Oh, yeah.
JEFF COWIE:
What do you remember about it?
TRACY L. H. BURNETT:
I remember they called us down to the warehouse. I remember a couple of people saying, "Well,--" I think they were talking about, "Well, we're not going to get a raise or something." That's what they thought the meeting was about, "We're not going to get a raise," or something of that nature. I remember this other guy, he was joking, he said, "We're probably going to get a pink slip." And that's actually what it was. [Laughter]
JEFF COWIE:
How did they tell you?
TRACY L. H. BURNETT:
They just came right out and told us point blank, which was the best way to do it. They said they were going to have options, you know, for us to go to school,

Page 11
transfer to the other plant, and stuff like that, retraining so that made it a little better. They didn't have to do all that, but that made it a little better.
JEFF COWIE:
Were you offered a job at the other plant?
TRACY L. H. BURNETT:
Yeah.
JEFF COWIE:
You were?
TRACY L. H. BURNETT:
Yeah.
JEFF COWIE:
Why didn't you take that?
TRACY L. H. BURNETT:
[Laughter] I don't know.
JEFF COWIE:
You were ready to go?
TRACY L. H. BURNETT:
Right, ready to go.
JEFF COWIE:
What was the atmosphere on the line that day or in the plant?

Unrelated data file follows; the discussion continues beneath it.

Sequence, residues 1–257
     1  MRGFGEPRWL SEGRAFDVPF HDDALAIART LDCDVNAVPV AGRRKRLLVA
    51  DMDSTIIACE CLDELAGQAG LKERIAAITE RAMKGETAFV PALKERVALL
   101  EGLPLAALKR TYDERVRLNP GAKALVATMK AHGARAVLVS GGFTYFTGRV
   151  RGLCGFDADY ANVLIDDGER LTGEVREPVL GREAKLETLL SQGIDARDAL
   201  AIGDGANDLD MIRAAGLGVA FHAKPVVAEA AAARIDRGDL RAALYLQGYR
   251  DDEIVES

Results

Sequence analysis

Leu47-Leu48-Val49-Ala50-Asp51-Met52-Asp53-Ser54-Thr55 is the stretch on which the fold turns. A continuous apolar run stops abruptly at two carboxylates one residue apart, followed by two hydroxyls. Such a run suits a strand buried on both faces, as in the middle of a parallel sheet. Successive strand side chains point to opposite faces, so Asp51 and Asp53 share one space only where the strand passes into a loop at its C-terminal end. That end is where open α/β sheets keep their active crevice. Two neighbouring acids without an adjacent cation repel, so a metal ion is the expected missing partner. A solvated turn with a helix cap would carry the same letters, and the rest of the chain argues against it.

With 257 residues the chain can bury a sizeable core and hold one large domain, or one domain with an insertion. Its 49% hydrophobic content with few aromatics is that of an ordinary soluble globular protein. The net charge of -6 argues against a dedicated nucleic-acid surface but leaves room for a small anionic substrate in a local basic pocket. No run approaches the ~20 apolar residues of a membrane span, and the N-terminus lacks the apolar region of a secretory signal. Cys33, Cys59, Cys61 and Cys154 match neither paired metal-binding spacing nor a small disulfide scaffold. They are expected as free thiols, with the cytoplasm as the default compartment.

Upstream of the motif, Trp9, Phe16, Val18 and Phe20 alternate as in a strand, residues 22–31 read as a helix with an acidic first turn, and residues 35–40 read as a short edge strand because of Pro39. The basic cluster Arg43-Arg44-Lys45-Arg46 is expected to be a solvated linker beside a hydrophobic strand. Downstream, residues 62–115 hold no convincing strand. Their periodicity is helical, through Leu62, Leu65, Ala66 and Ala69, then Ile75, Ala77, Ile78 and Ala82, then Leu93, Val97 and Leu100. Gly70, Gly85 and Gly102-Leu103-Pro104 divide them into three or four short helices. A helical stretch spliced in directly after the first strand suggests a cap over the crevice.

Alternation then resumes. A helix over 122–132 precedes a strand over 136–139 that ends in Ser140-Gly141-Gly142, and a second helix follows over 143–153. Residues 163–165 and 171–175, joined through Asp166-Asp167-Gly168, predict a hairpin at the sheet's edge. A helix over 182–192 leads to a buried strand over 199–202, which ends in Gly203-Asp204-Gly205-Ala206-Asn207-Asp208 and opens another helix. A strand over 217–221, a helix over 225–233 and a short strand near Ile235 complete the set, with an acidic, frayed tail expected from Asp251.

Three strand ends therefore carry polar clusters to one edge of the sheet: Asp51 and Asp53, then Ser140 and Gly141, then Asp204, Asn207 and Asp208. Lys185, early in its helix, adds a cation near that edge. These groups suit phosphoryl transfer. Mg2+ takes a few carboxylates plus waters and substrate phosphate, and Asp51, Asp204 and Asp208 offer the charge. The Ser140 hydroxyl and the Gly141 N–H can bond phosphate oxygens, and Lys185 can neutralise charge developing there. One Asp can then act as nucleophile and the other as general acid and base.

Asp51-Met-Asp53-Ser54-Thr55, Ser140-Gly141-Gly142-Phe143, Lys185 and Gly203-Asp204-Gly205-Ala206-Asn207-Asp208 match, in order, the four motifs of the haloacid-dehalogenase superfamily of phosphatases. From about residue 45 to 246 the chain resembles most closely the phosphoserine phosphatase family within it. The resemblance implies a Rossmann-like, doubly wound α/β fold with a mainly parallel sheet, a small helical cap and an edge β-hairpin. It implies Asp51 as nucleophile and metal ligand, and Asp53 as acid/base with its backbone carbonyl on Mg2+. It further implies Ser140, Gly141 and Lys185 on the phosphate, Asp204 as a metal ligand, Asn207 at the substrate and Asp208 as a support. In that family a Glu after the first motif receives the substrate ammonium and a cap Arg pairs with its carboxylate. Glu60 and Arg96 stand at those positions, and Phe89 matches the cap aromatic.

TRACY L. H. BURNETT:
It was quiet. There wasn't any cutting up. That was on everybody's lips, you know, "what are you going to do?" People were just like, I guess you would say, they were in limbo. They didn't know, I mean, you could tell what was on people's minds. They were concerned. You could tell they were thinking about their kids and stuff like that.
JEFF COWIE:
So even though you had pretty much just bought this place (Tracy's home) you were ready to go?
TRACY L. H. BURNETT:
Yeah, I wasn't worrying about nothing.
JEFF COWIE:
What was the first thing you thought about in terms of what you would do?
TRACY L. H. BURNETT:
Well, when they told us about the options of going to this Self-Employment Training Program, you know, I knew that I would eventually one day own my own business so I knew that I would do well. I would make it doing that.
JEFF COWIE:
They announced this Self-Employment Training right at the day of the closure or did that come up later?
TRACY L. H. BURNETT:
Yeah, the day they announced that we would be closing down they announced that. They said they would have another meeting with more information about

Page 12
it, and if you wanted to attend you just had to sign up, sign this sheet and attend the meeting.
JEFF COWIE:
That clicked with you?
TRACY L. H. BURNETT:
Yeah, that was it. That was made for me.
JEFF COWIE:
[Laughter] That's great. Do you remember having an idea right then what you wanted to do? Or did you just want to own your own business?
TRACY L. H. BURNETT:
Well, I knew I wanted to do something for myself because I knew that you didn't get wealthy working for nobody else. I always knew that. I didn't have an idea what I wanted to do. My wife had an idea of what she wanted to do. I kind of went on her idea of what she wanted.